Places of the Heart: Memorials, Public History and the State in Australia Since 1960
Memorials as a form of public history allow us to chart the complex interactions and negotiations between officially endorsed historical narratives, public memorials, privately sponsored memorials in public spaces and new histories. As Ludmilla Jordanova reminds us, ‘the state… lies at the heart of public history’. And this is evident in the public process of memorialisation. At one level, the state endorses certain narratives within which communities and organisations need to operate if they are to be officially part of the national story and its regional and local variants. Ultimate endorsement for memorials includes listings on heritage registers. Controls over the erection of memorials vary from official policies to process for the issue of permits for their construction in public places or their removal. The state, however, is not monolithic. Permissible pasts evolve over time given shifts in power and social and cultural change. This involves both ‘retrospective commemoration’ and ‘participatory memorialisation’. The presence and power of the past in peoples’ lives, too, means in practice that memorial landscapes will reflect, in truly democratic societies, the values, experiences and dominant concerns of its citizens.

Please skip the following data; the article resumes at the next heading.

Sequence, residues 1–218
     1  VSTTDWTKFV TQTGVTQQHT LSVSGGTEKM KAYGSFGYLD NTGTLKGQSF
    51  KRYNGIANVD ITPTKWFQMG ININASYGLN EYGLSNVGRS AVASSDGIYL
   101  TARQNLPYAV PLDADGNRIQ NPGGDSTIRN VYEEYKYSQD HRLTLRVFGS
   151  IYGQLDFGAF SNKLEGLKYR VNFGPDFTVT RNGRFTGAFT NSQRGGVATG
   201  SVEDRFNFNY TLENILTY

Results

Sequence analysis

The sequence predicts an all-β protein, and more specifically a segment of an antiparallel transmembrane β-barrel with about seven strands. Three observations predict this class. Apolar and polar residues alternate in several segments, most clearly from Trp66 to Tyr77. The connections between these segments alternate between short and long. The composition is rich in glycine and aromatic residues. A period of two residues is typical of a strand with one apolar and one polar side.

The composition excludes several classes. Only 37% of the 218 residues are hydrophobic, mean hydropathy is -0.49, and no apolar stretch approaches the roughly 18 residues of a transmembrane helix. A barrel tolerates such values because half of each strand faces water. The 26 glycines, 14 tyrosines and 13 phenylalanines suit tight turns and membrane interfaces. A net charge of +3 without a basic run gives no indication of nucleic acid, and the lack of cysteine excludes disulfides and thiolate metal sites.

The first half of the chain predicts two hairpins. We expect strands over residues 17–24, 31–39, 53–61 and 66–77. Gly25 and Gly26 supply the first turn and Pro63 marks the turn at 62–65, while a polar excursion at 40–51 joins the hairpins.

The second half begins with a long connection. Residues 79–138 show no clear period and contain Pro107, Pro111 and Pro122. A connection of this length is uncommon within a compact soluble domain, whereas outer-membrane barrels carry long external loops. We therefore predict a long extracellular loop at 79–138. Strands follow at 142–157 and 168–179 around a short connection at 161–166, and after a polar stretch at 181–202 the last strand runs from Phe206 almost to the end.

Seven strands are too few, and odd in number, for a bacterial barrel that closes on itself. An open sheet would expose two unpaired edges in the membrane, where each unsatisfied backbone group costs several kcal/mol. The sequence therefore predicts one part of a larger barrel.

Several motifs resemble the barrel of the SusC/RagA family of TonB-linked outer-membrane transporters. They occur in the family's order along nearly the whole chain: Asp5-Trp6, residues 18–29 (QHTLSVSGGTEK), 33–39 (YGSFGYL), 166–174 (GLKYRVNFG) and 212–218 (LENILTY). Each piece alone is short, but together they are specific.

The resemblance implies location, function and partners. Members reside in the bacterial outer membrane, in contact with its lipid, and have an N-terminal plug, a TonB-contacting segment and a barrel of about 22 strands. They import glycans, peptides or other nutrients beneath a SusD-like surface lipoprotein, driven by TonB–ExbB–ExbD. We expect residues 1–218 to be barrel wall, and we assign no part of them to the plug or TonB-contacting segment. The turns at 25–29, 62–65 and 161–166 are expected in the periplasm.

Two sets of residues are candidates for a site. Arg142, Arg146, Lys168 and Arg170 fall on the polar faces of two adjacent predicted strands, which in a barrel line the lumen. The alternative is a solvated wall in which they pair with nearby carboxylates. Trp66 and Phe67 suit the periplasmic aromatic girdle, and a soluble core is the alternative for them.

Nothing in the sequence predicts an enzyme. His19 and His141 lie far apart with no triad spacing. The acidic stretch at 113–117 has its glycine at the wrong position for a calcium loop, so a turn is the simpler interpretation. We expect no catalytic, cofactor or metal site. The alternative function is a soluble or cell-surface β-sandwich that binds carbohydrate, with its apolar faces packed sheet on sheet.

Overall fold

Memorials, memory, public history, commemoration, Australia